Lately it seems that advice on the benefits and risks of eating eggs is just plain scrambled. For years, physicians, nutritionists and nurses have recommended avoiding eggs in one's diet. The reason? Eggs, specifically the yolks, are full of cholesterol. One little egg yolk has 200 mg of cholesterol in it, which is almost the entire amount that we are supposed to eat in one day.
Yet recently, opposing recommendations are surfacing and grabbing media attention. The sudden acceptance of eggs and cholesterol has sparked a dietary debate that plainly misses the mark. Perhaps a little history lesson is egg-sactly what is needed here.
Thirty years ago, Americans started gaining weight. As our waistlines expanded, we attributed this to too much fat in our diets. In response, the healthy recommendation was to reduce fat and cholesterol intake, which of course, included the egg. Soon supermarket shelves were lined with products labeled "cholesterol free" and "reduced fat". Thinking this was the responsible choice; many people reached for these products and altered their cholesterol intake.
Yet despite this change, Americans are still overweight and wrestling with dietary-influenced chronic illnesses like heart disease, hypertension and diabetes. This is because, in an effort to avoid fatty foods, we began ingesting the easy alternative of simple carbohydrates like breads, bagels and pasta. These foods are no better, as the body treats these white flour products just like sugar. It turns them into fat, causing weight gain and blood vessel inflammation.
Which means one thing is certain; the buzz about eating eggs is not what it is all cracked up to be. People tell me all of the time that they are confused about medical and dietary advice because it seems to change all of the time. No one knows what to believe and this debate about eggs just increases this confusion. The egg debate is merely serving as a distraction from more valuable heart health nutritional information.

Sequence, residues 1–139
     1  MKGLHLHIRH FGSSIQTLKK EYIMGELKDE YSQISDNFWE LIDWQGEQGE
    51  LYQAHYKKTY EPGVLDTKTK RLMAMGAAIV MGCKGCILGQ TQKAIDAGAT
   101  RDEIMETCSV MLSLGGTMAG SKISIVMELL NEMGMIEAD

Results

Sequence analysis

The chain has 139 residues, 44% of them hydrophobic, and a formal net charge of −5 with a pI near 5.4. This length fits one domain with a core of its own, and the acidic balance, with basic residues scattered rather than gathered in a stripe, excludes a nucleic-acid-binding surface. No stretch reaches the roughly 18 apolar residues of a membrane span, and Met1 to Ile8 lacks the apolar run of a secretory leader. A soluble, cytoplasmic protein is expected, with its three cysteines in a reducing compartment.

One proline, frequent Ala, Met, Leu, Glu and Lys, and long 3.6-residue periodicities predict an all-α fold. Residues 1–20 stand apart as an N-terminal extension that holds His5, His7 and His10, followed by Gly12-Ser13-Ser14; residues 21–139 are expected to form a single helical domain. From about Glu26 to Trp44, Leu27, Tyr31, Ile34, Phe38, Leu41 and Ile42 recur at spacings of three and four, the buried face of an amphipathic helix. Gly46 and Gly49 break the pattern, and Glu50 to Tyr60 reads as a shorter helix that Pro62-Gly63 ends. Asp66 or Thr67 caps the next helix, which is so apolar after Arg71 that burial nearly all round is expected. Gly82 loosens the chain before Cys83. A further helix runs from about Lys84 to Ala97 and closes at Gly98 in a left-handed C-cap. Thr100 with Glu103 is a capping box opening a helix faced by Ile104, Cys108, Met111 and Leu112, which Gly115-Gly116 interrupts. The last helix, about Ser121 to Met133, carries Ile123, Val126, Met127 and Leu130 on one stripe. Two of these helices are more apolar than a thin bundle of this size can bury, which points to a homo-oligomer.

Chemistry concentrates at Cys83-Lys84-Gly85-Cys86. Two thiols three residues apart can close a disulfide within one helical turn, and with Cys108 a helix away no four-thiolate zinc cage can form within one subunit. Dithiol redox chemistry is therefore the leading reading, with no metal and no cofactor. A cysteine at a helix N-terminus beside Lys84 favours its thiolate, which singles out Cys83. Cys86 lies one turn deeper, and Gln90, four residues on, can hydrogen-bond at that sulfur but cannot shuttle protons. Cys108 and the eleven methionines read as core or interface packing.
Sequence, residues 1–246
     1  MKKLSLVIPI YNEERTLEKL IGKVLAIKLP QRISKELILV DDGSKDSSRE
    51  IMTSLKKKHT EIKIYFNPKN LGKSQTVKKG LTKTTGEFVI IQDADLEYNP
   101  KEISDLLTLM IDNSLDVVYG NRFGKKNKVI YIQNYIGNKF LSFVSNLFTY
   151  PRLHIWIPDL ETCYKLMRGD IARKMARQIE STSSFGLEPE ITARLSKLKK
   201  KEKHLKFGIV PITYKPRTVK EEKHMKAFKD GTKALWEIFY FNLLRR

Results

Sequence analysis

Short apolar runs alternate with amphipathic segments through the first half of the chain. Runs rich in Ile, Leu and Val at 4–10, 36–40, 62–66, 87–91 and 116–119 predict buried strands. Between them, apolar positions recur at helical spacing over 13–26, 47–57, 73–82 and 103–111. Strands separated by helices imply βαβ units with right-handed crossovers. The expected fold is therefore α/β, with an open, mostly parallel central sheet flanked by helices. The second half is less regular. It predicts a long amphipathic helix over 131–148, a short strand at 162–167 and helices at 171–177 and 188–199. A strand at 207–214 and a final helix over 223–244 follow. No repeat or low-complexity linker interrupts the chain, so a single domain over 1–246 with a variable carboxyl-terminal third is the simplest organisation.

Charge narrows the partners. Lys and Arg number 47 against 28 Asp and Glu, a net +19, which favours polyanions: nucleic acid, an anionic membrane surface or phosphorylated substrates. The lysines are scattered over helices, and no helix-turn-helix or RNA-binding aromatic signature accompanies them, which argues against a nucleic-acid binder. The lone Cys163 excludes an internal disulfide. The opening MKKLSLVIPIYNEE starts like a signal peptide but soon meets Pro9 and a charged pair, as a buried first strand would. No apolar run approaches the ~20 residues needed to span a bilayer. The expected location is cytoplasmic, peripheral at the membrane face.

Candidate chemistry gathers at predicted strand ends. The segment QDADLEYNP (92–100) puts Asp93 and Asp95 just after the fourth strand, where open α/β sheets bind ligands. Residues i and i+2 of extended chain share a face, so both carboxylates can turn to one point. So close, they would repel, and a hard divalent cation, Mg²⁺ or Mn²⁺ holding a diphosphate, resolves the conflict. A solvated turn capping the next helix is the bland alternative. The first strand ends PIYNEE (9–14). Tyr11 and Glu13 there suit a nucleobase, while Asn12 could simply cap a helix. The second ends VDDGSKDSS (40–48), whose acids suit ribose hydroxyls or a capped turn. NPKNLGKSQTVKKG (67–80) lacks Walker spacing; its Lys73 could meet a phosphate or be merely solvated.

So what can we eat? A nutrition plan like the Mediterranean Diet — rich in omega 3 fatty acids, and other sources of polyunsaturated fats as well as monounsaturated fats — can lower our cholesterol values, decrease inflammation, and decrease heart attack risk. Examples of foods that are recommended in the Mediterranean Diet include lots of fruits and vegetables, lean chicken, turkey or fish as sources of protein, low-fat or fat-free yogurt, cottage cheese, skim or low-fat milk. A recent trial showed just how powerful this diet could be to prevent a heart problem. Spanish researchers found that a Mediterranean Diet supplemented with either olive oil or nuts decreased the chance of having a heart attack or stroke by 30 percent in a group of adults, compared to a similar group who followed their usual diet.
As a cardiologist, my major concern is that my patient's focus be on the importance of diet, weight loss and exercise, instead of relying on medications like statins to lower cholesterol levels. Sometimes, they are medically indicated, but they should not be a replacement for dietary control and healthy lifestyle habits.
The famous egg Humpty Dumpty may be sitting pretty this week, but the reputation of the medical world for giving good advice has taken a great fall, and can only be repaired by advocating careful healthy living, exercise and perhaps egg white alternatives. That's no yolk!